J.P. Morgan Asset Management publishes some great research at the end of every quarter called the “Guide to the Markets.” It is chock-full of good data, but one highlight in the most recent stood out, prompted by a single question, “Is the S&P 500 over-bought?”
According to J.P. Morgan, the answer is no. Let me tell you why.
On Dec. 31st, 1996 the Standard and Poor’s 500 index was trading at 741. At that time, the S&P 500 had a 12-month forward price-to-earnings ratio of 16. This is a fancy way of saying that the index (price) was 16 times higher than the earnings that a consensus of analysts expected would be reported over the coming 12 months.
By March of 2000, the S&P 500 was trading at 1,527 and had a forward P/E of 25.6. When a P/E increases, it is because either the index (price) went up, the earnings went down, or a combination of both. In this case, the index’s rise from 741 to 1,527 caused the P/E to increase from 16 to 25.6.
Essentially, as the P/E is rising, it is telling investors they are paying more and more for one dollar of earnings.
Let’s fast forward to October 9th, 2002. The S&P 500 had careened down 49 percent to 777 and had a forward P/E of 14.1 as the tech bubble burst and a recession ensued. From there, it was a slow, steady march up back up to an index level of 1,565 by October 9th, 2007, a 101 percent gain.
At that point, the forward P/E was at 15.2 percent and we all know what happened from there.
By March 9th of 2009, the S&P 500 had lost 57 percent to bottom out at 677 and had a forward P/E of 10.3. Ouch.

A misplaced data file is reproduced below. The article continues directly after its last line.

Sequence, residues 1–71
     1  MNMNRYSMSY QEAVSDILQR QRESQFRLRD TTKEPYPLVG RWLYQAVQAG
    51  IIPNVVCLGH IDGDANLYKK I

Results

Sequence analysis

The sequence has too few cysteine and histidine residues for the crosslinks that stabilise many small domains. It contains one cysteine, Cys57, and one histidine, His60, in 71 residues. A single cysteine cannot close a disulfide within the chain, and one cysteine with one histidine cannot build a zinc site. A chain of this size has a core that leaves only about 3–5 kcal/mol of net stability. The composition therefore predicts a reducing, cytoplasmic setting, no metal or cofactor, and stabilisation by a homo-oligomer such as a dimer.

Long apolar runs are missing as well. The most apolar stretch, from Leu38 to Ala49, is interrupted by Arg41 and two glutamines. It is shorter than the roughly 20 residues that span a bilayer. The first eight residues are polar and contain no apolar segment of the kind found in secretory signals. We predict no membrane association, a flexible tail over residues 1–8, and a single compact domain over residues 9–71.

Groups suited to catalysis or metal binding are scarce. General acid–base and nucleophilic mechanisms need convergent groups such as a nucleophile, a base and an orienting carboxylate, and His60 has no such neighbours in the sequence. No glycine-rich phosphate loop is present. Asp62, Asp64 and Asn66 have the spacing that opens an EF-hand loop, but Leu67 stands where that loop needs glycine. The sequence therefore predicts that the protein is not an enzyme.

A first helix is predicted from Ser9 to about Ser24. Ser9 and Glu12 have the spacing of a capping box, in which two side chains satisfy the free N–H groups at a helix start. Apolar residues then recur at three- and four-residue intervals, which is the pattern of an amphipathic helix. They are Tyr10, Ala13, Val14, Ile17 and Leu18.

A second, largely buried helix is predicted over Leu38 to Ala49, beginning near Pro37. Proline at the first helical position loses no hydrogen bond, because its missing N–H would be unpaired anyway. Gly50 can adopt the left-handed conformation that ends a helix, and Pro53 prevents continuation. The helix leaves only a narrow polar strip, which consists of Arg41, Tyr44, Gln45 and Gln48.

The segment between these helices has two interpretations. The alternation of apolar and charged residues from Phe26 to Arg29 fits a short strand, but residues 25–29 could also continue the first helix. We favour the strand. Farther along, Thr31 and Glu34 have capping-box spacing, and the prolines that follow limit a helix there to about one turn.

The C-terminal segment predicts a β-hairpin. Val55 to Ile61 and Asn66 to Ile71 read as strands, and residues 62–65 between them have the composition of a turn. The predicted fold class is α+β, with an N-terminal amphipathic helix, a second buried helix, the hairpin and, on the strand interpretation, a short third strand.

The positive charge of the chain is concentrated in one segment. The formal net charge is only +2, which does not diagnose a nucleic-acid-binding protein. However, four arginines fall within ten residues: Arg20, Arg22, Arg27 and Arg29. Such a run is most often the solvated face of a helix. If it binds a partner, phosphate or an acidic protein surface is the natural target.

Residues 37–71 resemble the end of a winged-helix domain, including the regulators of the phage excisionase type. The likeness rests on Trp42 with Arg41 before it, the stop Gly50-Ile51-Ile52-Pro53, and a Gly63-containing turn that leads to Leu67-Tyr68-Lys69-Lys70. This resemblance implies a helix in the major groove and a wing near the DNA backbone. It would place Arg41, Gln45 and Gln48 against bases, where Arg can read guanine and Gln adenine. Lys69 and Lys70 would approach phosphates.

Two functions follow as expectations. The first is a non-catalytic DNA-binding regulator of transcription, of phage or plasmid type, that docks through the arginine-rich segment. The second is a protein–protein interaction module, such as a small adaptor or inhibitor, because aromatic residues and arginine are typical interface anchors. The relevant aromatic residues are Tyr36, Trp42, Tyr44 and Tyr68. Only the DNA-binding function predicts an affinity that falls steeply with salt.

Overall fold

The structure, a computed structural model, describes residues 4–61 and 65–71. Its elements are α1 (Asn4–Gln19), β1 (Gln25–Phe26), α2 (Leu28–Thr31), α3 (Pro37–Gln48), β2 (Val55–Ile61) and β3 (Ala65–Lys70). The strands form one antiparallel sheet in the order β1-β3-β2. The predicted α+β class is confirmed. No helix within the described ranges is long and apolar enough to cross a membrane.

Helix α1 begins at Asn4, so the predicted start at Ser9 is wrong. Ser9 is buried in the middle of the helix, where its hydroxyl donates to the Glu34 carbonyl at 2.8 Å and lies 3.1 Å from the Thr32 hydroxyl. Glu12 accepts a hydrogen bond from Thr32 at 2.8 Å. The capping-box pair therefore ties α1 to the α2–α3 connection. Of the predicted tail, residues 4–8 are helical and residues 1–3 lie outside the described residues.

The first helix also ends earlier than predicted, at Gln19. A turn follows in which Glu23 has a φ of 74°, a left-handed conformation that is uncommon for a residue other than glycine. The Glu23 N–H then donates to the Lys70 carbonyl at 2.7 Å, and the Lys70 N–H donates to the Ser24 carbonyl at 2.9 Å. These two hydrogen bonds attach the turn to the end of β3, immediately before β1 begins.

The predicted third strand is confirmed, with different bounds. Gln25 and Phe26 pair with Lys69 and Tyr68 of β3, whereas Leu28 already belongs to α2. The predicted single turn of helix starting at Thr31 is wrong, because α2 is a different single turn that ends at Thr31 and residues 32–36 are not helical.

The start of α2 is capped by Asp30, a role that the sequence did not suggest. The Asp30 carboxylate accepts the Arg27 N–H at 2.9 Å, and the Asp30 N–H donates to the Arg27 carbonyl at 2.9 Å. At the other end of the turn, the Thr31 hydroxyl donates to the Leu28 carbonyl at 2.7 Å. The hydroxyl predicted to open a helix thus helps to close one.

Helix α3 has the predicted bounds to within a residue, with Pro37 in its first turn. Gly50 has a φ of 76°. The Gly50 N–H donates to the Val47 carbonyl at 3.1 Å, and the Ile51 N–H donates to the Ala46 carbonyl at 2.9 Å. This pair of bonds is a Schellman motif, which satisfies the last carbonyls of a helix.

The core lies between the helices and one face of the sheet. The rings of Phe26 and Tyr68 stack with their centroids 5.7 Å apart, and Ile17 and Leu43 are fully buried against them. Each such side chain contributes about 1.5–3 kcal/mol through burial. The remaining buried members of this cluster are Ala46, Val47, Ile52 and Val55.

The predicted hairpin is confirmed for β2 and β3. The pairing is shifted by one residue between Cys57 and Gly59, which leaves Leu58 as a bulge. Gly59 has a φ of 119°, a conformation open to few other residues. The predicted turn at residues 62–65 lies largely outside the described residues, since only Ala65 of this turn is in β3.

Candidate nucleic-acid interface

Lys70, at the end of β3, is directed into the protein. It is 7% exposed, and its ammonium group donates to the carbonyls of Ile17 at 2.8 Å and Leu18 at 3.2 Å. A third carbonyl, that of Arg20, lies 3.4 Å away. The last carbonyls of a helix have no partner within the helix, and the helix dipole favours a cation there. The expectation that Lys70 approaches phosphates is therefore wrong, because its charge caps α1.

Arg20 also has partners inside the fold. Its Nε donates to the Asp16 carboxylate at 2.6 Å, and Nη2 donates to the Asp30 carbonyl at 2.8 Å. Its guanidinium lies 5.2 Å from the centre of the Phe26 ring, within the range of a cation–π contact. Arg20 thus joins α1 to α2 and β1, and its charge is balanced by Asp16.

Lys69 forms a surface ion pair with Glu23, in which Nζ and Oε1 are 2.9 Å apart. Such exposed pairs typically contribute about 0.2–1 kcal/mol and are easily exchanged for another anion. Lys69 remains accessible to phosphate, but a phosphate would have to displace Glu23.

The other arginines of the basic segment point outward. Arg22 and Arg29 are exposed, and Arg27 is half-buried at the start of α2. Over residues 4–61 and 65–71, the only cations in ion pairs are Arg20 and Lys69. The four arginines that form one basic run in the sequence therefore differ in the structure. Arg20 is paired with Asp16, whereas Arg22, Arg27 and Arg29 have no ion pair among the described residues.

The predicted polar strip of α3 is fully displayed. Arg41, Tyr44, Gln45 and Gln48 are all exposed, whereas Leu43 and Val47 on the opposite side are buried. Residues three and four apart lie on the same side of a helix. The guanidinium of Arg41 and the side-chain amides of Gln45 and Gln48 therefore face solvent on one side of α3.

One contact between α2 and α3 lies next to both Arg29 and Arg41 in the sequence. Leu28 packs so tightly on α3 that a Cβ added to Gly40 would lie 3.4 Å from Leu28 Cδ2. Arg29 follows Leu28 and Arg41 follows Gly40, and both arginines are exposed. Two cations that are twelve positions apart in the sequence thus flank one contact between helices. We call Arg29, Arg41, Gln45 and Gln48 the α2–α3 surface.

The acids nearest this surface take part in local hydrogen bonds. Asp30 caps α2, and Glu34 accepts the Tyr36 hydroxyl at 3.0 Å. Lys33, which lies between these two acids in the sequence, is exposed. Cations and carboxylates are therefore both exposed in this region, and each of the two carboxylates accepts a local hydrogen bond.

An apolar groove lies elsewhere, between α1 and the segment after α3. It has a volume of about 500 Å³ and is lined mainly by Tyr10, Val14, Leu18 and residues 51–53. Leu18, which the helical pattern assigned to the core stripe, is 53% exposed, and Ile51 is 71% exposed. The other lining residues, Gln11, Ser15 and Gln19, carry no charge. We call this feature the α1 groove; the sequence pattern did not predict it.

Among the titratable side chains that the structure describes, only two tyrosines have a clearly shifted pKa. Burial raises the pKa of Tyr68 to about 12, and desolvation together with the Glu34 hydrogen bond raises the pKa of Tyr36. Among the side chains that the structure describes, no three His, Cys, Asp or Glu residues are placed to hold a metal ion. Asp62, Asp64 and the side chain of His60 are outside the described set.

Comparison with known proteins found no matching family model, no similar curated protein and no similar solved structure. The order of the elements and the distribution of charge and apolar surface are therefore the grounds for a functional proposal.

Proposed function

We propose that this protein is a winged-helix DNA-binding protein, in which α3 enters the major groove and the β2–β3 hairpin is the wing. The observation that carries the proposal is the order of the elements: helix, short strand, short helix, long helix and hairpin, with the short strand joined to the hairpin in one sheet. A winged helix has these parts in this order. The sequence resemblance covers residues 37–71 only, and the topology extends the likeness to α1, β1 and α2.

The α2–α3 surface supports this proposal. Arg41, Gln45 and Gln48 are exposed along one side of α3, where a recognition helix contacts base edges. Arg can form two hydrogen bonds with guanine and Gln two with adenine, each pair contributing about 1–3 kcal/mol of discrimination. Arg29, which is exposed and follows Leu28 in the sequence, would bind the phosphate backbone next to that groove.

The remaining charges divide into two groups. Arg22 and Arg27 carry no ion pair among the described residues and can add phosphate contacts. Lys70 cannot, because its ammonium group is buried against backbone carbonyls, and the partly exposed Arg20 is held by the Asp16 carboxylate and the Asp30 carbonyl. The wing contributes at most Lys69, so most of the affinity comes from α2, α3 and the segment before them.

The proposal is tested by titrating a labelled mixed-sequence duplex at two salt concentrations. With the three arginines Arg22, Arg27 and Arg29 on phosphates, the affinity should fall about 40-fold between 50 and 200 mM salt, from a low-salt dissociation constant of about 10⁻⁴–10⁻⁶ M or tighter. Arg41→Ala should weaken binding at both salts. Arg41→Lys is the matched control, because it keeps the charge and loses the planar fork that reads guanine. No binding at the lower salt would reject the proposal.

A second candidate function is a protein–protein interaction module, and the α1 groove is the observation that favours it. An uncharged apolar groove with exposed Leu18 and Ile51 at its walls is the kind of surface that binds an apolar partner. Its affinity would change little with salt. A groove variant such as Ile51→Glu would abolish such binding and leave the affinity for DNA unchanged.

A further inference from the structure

However, fast forward to today, and by the end of the first quarter, things were much different! The S&P 500 had recovered to 1,569 with a forward P/E of 13.8, which is a 130 percent run.
So, it’s probably natural to assume that since the market has had a nice run, it’s time for it to take a “breather.” That is certainly a popular thought these days. In fact, nary has a day gone by where I haven’t heard that message repeated over and over on TV or in print.
But look again at the current forward P/E (at 13.8). It’s is still lower than where it was during the market low in 2002 (14.1). In fact, it’s also lower than October of 2007 (15.2), which was the last time the S&P 500 was above 1500. My opinion is that the S&P 500 is not overbought. In fact, if the forward earnings stay the same as on March 31st, 2013, the S&P 500 would have to reach a level of 1,700 before the forward P/E reached 15.2—a level last seen in October of 2007. Meaning, there is still room to grow.
David B. Armstrong, CFA, is a Managing Director and Co-founder of Monument Wealth Management, a Registered Investment Advisor located just outside Washington, DC in Alexandria, Va. David is routinely featured in national media sources and has been a speaker at several major industry conferences including Barron’s Winner’s Circle, IMCA, InsideETFs, LPL Financial Business Leaders Forums and Focus conferences. Follow David on his blog which can be found on his website, on Twitter @MonumentWealth, and on the Monument Wealth Management Facebook page.
The opinions voiced in this material are for general information only and are not intended to provide specific advice or recommendation for individual. To determine which investment is appropriate please consult your financial advisor prior to investing. All performance referenced is historical and is not guarantee of future results. All indices are unmanaged and may not be invested into directly.